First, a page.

Last year, Twitter started advertising for its nascent Irish operation, which has just found a new home in The Academy on Pearse Street in Dublin. It was looking to hire about 40 people, split between the social media group’s London and Dublin offices, with the Irish operation in the market for sales executives for countries across Europe, as well as marketing and user services agents.
And the newer arrivals are adopting a similar approach. Online storage space provider Dropbox is also hiring for its Irish operation which it expects to open this year, and the Dublin-based sales team will be “dedicated to delivering Dropbox for business to the various markets across Europe”.
So why do we hear so much about the lack of tech skills if what these companies really want are sales and marketing experts?
John Dennehy, managing director of Zartis. com is project director of the Make IT in Ireland initiative. It is aiming to attract the best “sales, support, development and operations” people to move here, and for Dennehy, talk of a tech skills gap is “an easy soundbite” and leads people to think that it’s just java developers that are lacking.
“If you look at it, about 90,000 people work in the tech sector – but the majority aren’t actually software developers,” he says.
For him, tech jobs in Ireland actually fall into two broad categories – tech developers, who are typically computer science graduates; and sales, marketing and traditional business roles, such as supply chain management and recruitment.
Different skill sets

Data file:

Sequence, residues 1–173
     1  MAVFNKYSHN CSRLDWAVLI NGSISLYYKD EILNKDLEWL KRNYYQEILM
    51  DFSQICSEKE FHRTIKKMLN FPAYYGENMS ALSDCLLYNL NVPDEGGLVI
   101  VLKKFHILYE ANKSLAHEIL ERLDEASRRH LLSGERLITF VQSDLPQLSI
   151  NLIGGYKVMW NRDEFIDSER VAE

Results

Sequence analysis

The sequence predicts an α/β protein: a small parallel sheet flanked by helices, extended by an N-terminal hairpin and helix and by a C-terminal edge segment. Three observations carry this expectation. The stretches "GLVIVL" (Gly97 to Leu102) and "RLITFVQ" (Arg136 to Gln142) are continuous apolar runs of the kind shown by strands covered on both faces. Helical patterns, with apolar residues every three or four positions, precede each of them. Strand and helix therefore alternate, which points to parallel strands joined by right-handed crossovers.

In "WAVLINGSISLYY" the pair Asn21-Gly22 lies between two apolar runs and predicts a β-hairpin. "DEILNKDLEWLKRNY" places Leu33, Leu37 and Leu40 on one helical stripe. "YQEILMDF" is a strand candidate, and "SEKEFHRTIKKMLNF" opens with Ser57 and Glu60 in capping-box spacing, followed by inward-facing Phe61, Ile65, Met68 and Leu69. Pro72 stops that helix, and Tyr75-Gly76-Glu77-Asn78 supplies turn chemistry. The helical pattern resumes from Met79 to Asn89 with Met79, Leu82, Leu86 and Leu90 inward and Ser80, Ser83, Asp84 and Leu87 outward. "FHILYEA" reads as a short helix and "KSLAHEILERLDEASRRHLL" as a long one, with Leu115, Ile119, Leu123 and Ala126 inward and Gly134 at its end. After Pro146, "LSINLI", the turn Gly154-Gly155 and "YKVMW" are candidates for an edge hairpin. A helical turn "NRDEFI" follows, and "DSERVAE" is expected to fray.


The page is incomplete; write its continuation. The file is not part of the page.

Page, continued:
And it is the latter category where many of the jobs actually exist.
“There will be more multi-lingual people hired by MNCs in the next 12 months than java developers or .net developers,” says Dennehy.
Take a look at some of the jobs Google is looking to fill at its Barrow Street operation, which hosts professionals from all around Europe: a sales manager with fluency in a Nordics language; an Italian speaking associate account strategist and a consumer support market specialist for the German market.
But should we be concerned that so many so-called “tech jobs” are actually in different skill sets?
“Getting core development in Ireland is definitely something we should seek; the more people we can get to fill those roles the better it is for the country,” concedes Dennehy, adding, “but the tech sector is not just about development and a very important part is highly specialised sales and marketing skills”.
And these jobs do require a high level of education and experience, with Google for example, looking for an MBA qualified professional to take on a role as sales manager. Italso pays well, if you look at average salaries in the sector. At Facebook, for example, according to figures in its company accounts (which may be a crude estimate) the average salary stood at €60,229 in 2011 – with an additional €48,630 earned in share-based payments, while at Google, the figure is as high as €90,000.
At LinkedIn, whose staff work almost exclusively in sales functions, the average salary is more than €60,000, while customer service agents at Zynga in Ballsbridge, Dublin, can expect to earn about €37,000.
And there is always the possibility that over time, more and more core development work will be transferred into Ireland. Over at Microsoft in Sandyford, south Dublin, development teams worked on the keyboard for the software firm’s new tablet, the Surface, for example.
And with tax and multinationals staying firmly in the headlines, a skilled workforce – be it in development or sales – can help a company become more entrenched.
“The reality is you can probably move those tax structures into other countries far more easily than you can build up a talented workforce in another country,” says Dennehy.